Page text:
January 23, 2007

Vengeful Arson on Aliso Peak


I unleashed hell on my hometown much faster than I would have thought possible. I was so surprised at how quickly it happened that I almost forgot to run. It's not like I didn't think I had it in me or anything; it's just that when I'd thought about doing something like this before, I didn't imagine that such a small effort could result in the frightening magnitude of sheer speed and power displayed before me. I wasn't prepared for it, wasn't prepared for what it showed me about myself and how much I could let hate concentrate and fester and ferment inside me. I sure as hell wasn't prepared for the consequences of what I'd done, and I was in no hurry to find out the full extent of what they might be. By the time I left the party all the fighting had stopped, but I didn't want to stay there and be with people trying to get their goddamn buzzes back. I still needed to clear my head. I walked out of the hotel suite and down the stairs to the parking garage, brought my beloved piece of junk to life, and tried to feel sober as I rolled down the window and turned the fan on. It didn't work. I thought I could use a drive but part of me didn't want to go too far cause it hadn't been that long ago that I'd had my last drink. The other part of me could really give a shit about any of that and was all ready to start dishing out random payback.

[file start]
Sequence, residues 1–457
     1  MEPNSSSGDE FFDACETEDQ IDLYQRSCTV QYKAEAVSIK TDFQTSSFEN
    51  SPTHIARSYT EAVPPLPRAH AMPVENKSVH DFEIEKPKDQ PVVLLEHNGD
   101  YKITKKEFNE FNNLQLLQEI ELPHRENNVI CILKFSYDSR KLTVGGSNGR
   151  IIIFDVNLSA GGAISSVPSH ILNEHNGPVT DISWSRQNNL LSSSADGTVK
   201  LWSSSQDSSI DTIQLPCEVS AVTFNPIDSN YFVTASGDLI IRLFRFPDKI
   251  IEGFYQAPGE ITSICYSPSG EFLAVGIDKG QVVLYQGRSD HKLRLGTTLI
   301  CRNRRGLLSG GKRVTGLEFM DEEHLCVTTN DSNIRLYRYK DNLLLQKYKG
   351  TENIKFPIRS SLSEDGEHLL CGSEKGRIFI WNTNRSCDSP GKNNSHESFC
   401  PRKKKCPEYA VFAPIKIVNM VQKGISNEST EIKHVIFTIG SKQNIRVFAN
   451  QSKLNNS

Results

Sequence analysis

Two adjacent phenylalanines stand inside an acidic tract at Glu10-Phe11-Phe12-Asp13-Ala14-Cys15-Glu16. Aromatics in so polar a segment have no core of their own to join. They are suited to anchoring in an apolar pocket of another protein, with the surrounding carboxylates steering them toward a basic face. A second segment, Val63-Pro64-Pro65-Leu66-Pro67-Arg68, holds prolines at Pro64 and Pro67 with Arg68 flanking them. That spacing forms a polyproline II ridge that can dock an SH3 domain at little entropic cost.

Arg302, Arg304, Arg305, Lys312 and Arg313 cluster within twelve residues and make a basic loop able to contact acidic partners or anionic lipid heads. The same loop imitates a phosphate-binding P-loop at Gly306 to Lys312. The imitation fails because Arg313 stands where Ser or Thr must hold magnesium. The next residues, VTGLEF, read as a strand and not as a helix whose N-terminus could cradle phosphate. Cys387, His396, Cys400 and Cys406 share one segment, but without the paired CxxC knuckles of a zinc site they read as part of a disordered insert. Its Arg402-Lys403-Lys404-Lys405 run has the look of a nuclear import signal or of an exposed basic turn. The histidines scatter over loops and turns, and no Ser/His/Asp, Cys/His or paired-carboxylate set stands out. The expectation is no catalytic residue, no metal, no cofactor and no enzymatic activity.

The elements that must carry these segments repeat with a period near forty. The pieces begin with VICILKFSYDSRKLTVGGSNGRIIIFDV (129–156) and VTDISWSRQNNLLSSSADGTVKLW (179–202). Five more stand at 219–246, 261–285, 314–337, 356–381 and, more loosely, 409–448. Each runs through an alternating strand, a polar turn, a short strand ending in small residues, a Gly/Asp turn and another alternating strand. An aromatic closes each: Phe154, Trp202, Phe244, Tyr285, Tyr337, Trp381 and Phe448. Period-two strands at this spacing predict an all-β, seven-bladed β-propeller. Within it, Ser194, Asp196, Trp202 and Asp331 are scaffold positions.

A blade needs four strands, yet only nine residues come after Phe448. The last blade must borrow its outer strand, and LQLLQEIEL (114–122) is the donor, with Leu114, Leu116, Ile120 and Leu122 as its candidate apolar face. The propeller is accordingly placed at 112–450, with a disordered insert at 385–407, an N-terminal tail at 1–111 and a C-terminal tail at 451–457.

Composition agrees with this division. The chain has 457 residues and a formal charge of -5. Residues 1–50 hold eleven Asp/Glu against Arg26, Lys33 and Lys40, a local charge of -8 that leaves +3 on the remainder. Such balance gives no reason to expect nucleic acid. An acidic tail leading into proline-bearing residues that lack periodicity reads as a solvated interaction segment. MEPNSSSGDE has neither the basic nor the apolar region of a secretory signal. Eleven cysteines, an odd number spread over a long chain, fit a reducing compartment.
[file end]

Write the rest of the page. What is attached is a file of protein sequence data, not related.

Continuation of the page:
Before too long I found myself driving up the hill, then stopping and slipping out quietly onto the sidewalk, then softly crunching the pebbles of the trail under my feet as I walked past the dark construction site looming on my left. For some reason the company's sign wasn't lit, so at least I didn't have to see that ugly thing and get even more riled up. I couldn't really see much at all- the trail was now pitch black, and the only reason I didn't trip and fall down the ravine on my right was the fact that I'd walked this trail so many times in the last three years that I had it absolutely memorized.